By Munyale Kwabe
“Justice is truth in action” – Benjamin Disraeli
Very often, I meet people who don’t truly know the function of a state. In political science, there are different theories, divinity, force, and so on; that goes on to tell us why the state exists. However, one that really sticks out is the social contract. Despite their differences in how anarchical the state of nature is, it is clear that all theorists from this angle believe that the major reason a state exists is for justice. The state is supposed to serve and protect its citizens. You and old. Small and big. Rich and poor. You and I.
What then is justice? According to Science Daily, “Justice is a concept of moral rightness based ethics, rationality, law, natural law, religion, equity, and fairness, as well as the administration of the law, taking into account the inalienable and inborn rights of all human beings and citizens, the right of all people and individuals to equal protection before the law of their civil rights, without discrimination on the basis of race, gender, sexual orientation, gender identity, national origin, colour, ethnicity, religion, disability, age, wealth, or other characteristics, and is further regarded as being inclusive of social justice.”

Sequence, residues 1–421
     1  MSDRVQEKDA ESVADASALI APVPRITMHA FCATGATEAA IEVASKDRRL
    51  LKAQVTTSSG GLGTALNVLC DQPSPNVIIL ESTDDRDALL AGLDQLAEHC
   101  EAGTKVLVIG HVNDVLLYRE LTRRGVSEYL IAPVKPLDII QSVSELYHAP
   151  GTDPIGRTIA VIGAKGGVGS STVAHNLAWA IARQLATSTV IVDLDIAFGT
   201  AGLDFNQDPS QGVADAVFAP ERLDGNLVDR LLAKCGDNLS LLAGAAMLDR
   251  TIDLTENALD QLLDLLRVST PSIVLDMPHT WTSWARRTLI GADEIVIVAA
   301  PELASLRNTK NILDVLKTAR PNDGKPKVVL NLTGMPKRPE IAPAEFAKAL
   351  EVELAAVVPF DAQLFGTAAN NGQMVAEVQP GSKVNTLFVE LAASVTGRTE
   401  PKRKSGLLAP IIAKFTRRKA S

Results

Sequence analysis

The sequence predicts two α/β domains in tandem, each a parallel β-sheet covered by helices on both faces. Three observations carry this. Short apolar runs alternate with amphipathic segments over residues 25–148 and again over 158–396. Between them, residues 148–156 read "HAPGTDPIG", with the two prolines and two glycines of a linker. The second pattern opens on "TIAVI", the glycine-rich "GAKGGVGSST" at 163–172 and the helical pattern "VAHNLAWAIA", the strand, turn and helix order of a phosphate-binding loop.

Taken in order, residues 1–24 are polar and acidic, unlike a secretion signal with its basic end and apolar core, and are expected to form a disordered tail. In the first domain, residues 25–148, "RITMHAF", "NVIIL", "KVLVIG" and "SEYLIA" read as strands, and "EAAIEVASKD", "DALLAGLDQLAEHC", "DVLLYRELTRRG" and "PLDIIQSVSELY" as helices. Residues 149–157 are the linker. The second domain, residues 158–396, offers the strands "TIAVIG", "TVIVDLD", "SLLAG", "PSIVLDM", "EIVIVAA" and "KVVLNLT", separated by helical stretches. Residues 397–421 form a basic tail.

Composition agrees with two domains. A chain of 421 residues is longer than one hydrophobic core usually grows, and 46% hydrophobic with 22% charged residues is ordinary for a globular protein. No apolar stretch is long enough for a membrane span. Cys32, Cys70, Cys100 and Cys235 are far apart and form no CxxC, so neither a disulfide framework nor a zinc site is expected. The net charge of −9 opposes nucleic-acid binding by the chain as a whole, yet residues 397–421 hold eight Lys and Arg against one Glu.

From the definition, we can see that justice is not selective. It is supposed to encompass every aspect of human lives and when that fails, the state has failed.
However, in the past two weeks, there has been a win for everyone fighting against sexual violence and gender-based violence (GBV) in Nigeria. Thanks to the Dorothy Njemanze Foundation, we have seen Idris Ebiloma sentenced to 28 years and Ifeanyi Dike got the death sentence on charges of rape. Also, the abductor and rapist of Ese Oruro, Yunusa Dahiru has been sentenced to 26 years.
So to all the people who worked tirelessly to see this come to pass, from Stand To End Rape Initiative, we say a very big thank you. For all the people who fought with their resources and their voices, we say a big thank you. We are not where we ought to be, but we would get there.
Together, we need to put in the work it takes to get Nigeria working. The system is failing us on a daily basis. Impunity still exists and many perpetrators still go unpunished. There is power in our number, so we have to make a conscious decision to continue with what we have or demand a real change. A change we all deserve.
Does this mean we are there yet? No. We still need to fight and fight harder. Use our voices to push for what we believe in. Because the injustice of one is the injustice of all. Sir Arthur Conan Doyle once said, “It’s every man’s business to see justice done”.